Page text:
For more than half a century, a particular theory about the behavior of electrons in atoms has puzzled scientists.
Now a group of researchers from the University of Hamburg’s physics department has finally found proof that this theory is actually true.
The results have just been published in the journal Natureand they could be the key to making our electronic devices much smaller and more powerful, including boosting the potential of quantum computing.
Normally, electrons don’t like to get too close to each other because they are both negatively charged.
Imagine two magnets with like poles facing each other – they repel each other. This pushing away of electrons has a major impact on how materials conduct electricity.
That’s one of the reasons we need things like batteries and plugs; We have to push the electricity because the electrons slow it down.
But what if we could get the electrons to pair up like a buddy system? According to the theory, once they mate, they start behaving differently.
They no longer push each other away and can even move together in the same movement.
The researchers succeeded, and when electrons behave this way, the material they are in can conduct electricity without slowing it down. This is known as superconductivity and is used in many technologies, such as MRI machines in hospitals.
In order to achieve this, the team around private lecturer Dr. Jens Wiebe trapped electrons in tiny cages made of silver atoms. Imagine a mini zoo without electrons!
These cages were placed on the surface of a superconductor, a material that already allows electrons to flow freely.
The trapped electrons began to behave like their free-moving neighbors and form pairs, just as theory predicted.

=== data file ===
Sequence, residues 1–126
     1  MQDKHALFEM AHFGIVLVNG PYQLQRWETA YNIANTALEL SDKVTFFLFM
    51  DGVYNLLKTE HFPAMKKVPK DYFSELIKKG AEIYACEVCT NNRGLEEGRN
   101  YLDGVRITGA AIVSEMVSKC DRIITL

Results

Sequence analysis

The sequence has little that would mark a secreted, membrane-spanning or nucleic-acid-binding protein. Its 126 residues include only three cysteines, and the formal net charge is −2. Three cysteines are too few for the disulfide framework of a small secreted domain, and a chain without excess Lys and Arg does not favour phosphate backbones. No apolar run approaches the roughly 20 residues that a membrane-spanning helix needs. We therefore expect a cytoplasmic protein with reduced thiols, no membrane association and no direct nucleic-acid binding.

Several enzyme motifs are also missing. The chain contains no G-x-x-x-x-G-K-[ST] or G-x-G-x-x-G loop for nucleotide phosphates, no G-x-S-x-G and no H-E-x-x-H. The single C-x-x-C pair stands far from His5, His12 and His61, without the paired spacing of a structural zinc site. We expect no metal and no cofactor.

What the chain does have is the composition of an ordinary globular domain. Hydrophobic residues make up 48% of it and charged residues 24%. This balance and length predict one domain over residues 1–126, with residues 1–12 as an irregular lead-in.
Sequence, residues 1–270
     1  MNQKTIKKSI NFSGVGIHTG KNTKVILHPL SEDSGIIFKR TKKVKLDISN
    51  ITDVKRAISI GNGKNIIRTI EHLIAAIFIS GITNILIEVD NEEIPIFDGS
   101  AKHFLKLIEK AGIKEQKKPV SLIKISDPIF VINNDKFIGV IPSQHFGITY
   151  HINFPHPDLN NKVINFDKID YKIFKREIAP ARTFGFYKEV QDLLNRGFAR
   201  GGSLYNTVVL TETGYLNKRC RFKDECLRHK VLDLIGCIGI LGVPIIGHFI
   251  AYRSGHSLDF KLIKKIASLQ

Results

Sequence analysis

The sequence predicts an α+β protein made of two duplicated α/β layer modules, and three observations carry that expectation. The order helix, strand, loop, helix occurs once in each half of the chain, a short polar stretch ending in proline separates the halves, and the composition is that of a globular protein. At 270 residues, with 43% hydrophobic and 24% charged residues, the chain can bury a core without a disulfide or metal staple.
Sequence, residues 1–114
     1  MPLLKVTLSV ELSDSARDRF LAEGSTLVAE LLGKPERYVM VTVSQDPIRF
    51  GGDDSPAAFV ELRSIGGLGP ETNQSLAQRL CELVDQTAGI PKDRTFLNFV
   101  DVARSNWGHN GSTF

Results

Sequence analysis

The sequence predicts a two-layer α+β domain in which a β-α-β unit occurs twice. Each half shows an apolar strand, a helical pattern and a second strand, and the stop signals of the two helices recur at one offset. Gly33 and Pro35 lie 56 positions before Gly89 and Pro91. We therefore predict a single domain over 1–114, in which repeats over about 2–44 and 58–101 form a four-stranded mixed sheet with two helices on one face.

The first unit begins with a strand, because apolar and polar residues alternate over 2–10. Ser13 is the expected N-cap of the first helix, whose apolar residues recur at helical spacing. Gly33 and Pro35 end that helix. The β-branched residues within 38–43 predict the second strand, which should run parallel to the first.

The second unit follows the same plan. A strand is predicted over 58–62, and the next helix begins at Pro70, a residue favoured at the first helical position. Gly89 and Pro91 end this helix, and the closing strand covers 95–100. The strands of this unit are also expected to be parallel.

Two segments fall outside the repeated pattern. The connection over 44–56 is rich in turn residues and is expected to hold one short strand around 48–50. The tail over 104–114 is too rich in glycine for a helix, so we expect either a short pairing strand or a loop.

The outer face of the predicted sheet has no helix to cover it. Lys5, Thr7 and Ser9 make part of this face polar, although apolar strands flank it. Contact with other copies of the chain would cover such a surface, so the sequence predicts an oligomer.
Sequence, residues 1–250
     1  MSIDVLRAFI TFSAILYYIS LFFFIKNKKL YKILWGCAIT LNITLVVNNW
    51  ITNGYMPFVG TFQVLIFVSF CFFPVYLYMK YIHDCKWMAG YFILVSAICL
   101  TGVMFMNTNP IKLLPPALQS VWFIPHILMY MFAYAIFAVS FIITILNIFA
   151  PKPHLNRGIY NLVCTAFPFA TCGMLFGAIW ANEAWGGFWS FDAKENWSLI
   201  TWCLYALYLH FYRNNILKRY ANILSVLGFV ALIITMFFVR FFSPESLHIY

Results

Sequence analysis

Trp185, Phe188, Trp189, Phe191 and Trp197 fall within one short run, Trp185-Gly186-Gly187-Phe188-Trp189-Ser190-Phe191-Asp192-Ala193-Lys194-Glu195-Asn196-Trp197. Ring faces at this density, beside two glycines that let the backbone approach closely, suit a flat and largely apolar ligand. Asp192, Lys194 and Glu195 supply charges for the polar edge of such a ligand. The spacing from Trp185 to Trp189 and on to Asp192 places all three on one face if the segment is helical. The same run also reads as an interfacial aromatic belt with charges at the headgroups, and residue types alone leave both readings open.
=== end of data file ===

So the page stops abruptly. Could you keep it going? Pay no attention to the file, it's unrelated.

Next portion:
The discovery confirmed what Japanese theorists Kazushige Machida and Fumiaki Shibata had predicted in the early 1970s. They said that under certain conditions, electrons would pair up, creating a specific energy signature.
The German researchers found exactly this energy signature and thus proved that the theory was right from the start. In fact, Machida was thrilled that his theory was finally being proven.
He said: “I thought for a long time that it was impossible to prove its existence, but with your ingenious method you finally experimentally verified its correctness.”
Not only is this an exciting discovery for scientists; it has real applications.
The researchers say understanding how to induce pairs of electrons in tiny structures could lead to advances in nanotechnology and quantum computing.
Other studies have already shown that this specific behavior of electrons can make quantum computers more stable and less noisy, which is a big thing for the future of computing.
Put simply: after 50 years of waiting, science has caught up with theory. This discovery not only solves an old mystery; It opens the door to new technological advances that could transform our lives.
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